Kathleen was the youngest of four children and shared many memories of her wonderful childhood growing up in a very happy family in England. She was raised in the Lutheran faith and then converted to LDS upon marriage to Edgar Alfred Cater in October, 1940, after a long courtship.
Kathleen completed her schooling in Coventry and went to art school and became a talented artist, but pursued a career in pharmacy, employed by a chemist lab, before and during WWII.
Edgar joined the British Army after World War II broke out and served until the end of that war. Kathleen and her son lived with her parents during the war, surviving the terrible bombing and blitz of Coventry . After the war they relocated to Wimbledon, England until emigrating to the United Stated in 1947. Flying across the Atlantic and arriving in New York by train to Vineyard, Utah, a whistlestop, mom took one step off the train and said “We are going back to England.” 1949 went back to England, but soon came back to the states on the “Queen Mary” settling in Salt Lake City, Utah. Together they operated restaurant businesses: Ed’s Congress Coffee Shop, Sahara Club and the Art Barn. Kathleen divorced in 1957. She worked for Brattens, Makoffs Tea Room, finally Little America Coffee Shop as a hostess until she retired at age 83. She worked at Little America for 23 years. Kathleen truly loved America, but her heart remained in Great Britain , a British subject until her death and living through two world wars.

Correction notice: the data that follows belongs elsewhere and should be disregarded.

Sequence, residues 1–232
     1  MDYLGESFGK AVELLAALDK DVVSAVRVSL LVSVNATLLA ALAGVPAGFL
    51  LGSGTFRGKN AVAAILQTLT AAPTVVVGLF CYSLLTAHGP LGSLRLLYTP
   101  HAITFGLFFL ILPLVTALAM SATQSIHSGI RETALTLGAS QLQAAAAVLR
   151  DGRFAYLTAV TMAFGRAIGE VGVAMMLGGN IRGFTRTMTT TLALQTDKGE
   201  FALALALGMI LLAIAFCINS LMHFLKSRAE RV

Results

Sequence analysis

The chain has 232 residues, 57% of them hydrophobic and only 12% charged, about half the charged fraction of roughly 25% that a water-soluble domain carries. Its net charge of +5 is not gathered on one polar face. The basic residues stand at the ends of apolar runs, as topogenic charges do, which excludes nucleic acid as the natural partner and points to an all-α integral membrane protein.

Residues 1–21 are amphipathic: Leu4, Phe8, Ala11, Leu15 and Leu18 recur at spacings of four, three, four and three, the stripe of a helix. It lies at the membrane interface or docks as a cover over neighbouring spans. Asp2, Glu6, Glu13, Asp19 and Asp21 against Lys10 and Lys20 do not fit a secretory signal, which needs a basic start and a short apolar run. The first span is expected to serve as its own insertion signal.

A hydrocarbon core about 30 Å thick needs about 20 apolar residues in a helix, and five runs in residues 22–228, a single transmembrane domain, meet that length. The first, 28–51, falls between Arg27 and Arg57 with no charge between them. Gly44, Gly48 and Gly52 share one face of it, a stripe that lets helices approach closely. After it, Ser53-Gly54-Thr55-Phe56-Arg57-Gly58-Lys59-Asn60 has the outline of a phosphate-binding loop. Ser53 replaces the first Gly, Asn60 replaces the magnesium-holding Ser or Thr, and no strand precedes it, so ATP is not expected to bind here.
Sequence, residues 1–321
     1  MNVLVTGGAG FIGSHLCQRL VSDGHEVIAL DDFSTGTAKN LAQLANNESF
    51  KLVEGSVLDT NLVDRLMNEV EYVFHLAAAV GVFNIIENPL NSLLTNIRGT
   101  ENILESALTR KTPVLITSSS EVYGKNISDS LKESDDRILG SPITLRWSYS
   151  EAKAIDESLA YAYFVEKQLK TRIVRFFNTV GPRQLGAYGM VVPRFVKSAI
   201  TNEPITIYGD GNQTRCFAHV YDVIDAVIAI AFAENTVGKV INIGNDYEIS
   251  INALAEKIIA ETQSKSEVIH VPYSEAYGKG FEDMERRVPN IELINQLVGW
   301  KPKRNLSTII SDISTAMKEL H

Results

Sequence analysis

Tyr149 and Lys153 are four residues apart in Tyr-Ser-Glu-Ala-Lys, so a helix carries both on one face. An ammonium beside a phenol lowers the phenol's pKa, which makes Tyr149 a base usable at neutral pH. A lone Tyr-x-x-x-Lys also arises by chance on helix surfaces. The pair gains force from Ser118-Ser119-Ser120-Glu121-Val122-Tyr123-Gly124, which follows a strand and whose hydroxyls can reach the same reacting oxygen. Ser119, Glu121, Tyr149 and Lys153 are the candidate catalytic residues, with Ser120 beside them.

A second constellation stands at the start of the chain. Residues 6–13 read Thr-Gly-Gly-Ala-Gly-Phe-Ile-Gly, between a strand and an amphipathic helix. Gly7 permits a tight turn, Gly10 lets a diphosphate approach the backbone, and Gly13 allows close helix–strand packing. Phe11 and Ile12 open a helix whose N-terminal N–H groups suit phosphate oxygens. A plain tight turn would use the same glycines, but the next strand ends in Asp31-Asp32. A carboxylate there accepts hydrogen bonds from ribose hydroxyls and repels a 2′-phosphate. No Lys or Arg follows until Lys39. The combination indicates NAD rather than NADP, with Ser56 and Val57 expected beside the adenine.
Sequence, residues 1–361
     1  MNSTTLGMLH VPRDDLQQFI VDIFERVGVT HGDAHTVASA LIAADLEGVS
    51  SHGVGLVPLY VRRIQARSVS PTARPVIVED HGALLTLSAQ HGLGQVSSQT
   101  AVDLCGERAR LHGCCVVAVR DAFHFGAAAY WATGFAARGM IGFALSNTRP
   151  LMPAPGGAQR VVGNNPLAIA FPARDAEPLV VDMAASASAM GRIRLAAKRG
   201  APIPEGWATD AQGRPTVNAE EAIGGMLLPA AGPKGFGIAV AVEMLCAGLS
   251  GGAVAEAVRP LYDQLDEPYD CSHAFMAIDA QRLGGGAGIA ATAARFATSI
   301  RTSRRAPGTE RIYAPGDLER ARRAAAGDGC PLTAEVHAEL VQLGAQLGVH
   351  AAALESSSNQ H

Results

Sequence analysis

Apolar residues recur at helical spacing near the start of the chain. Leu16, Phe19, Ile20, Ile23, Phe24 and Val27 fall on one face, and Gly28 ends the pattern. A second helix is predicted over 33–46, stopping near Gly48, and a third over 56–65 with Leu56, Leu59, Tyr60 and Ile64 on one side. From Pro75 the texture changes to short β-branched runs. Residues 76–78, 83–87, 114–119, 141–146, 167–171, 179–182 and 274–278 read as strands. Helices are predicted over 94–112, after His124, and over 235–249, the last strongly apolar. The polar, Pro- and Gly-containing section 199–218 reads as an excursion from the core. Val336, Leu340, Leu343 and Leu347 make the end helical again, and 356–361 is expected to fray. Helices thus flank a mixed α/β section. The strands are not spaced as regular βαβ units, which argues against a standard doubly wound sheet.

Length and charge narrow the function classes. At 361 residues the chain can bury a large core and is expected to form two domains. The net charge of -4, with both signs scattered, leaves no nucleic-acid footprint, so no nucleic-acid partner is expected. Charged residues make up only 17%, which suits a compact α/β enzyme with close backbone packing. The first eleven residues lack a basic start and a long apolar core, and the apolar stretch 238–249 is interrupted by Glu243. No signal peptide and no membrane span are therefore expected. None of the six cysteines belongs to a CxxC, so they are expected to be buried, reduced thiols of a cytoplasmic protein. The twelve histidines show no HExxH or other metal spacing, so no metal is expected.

She was preceded in death by her parents, brothers, James, Alfred and George.
She is survived by her only child (obviously spoiled) Roger Edgar Cater(Lynne) Saint George, Utah, 2 grandsons, Roger Winston Cater(Natalie) of Cottonwood Heights, Bryan Christopher Cater(Cathie) West Valley City. Four great-grandchildren, Alex, Nathan, Hailey and Geri and special friends Barbara A Cater, Murray, Utah, Josephine Rich, Sherman Oaks California and many others. She will be sorely missed by her dog, Kate who took up most of her bed and left mom with a small place to sleep. Rocky, her llasha apso, preceded her in death but had a very special place in her heart. She will truly be missed. Her great sense of humor and her strong English accent, she had until she passed away. She loved the Salt Lake City night life and would go with her friends in the evening to dance. She moved to St. George after retiring in 1995 to live with her son and daughter. McMillan Mortuary